The great “curation” scam

I’ve come to hate the word “curation” as it applies to social media. The word elevates the act of sharing other people’s content to a level it doesn’t deserve.

To be clear, I do see value in occasionally alerting your connections to content of value, regardless of the origin. Part of the equation of being a thought leader is getting out of the way when someone has said something better than you ever could and promoting ideas beyond the audience the author would be able to reach on his or her own. The key word in that sentence, however, is “part.” It should be a small addition to your social media strategy, not Your Entire Social Media Strategy.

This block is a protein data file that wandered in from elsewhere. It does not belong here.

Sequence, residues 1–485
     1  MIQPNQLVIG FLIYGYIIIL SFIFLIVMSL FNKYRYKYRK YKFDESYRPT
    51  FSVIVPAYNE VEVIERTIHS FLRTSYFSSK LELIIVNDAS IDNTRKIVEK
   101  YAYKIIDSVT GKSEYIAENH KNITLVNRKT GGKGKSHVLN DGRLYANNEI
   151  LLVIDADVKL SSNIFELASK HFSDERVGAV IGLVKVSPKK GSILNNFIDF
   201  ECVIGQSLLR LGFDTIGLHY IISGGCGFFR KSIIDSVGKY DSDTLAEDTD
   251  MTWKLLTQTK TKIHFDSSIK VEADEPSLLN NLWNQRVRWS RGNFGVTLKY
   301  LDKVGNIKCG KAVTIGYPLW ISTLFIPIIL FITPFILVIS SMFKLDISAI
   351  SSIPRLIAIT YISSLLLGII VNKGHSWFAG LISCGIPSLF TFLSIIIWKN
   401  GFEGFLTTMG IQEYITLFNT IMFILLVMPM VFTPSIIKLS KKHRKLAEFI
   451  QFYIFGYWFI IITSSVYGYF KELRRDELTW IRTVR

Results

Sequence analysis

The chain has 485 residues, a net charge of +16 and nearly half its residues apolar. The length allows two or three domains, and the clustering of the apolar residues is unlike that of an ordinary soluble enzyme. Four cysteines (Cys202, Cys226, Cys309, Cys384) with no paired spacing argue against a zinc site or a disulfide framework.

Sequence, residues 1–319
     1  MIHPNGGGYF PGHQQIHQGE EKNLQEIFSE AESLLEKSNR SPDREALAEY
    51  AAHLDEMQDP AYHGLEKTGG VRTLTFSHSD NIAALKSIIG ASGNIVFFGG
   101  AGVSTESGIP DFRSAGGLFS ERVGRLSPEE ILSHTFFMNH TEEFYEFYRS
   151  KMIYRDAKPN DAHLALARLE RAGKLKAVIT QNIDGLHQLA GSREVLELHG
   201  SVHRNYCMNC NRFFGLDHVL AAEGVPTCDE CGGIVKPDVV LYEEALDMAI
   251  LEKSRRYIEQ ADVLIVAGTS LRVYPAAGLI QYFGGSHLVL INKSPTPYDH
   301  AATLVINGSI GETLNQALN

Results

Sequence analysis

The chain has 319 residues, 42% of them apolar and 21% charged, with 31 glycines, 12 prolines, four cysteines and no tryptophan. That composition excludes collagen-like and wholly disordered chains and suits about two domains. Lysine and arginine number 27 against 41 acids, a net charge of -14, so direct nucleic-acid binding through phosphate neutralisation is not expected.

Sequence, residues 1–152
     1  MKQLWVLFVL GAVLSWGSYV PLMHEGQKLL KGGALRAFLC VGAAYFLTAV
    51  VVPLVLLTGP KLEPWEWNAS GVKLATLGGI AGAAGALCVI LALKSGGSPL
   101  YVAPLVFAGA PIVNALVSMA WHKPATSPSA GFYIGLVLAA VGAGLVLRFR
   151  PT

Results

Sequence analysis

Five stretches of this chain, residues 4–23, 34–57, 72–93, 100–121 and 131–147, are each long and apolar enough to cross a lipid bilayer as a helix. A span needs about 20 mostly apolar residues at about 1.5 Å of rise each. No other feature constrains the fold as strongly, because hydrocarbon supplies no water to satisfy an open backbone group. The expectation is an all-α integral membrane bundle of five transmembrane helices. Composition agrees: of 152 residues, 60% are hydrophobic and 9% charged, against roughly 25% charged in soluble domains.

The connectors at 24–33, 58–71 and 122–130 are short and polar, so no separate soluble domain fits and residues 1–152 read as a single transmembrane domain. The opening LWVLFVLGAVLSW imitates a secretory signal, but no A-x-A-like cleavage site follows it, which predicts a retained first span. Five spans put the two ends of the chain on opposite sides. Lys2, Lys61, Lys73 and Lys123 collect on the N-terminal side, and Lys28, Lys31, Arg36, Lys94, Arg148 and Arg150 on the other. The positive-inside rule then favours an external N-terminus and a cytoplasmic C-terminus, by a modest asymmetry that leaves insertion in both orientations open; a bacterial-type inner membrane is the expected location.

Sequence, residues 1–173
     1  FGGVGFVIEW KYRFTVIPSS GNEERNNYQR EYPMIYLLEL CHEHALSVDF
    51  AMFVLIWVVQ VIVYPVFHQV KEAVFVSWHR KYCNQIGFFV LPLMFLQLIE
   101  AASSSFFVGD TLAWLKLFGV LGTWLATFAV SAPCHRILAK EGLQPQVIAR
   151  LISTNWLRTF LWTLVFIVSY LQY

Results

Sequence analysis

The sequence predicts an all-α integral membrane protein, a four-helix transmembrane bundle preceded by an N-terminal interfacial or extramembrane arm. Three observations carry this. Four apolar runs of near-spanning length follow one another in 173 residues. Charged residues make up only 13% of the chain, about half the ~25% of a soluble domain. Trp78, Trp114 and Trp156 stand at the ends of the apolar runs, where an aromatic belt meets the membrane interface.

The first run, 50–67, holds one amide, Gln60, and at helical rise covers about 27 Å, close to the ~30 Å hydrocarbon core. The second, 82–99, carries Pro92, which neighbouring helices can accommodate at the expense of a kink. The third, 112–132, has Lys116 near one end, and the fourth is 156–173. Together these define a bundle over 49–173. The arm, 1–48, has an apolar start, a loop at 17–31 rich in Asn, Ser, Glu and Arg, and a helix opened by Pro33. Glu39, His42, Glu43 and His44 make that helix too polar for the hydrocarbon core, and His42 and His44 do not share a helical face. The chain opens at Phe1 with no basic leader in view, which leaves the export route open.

The problem I see is that so many individuals and organizations are unwilling to do anything but curate (gag) while still claiming some level of thought leadership.  This, of course, is asinine. The act of sharing something at a click, often after just a cursory perusal, doesn’t take much effort, especially compared to content creation, which requires time, knowledge, skill, and an opinion.

It’s time we start calling “curation” as a stand-alone social media strategy what it really is: laziness. Let’s not get too carried away by elevating something to an art form that’s really nothing more than an artificial stand-in for real work.

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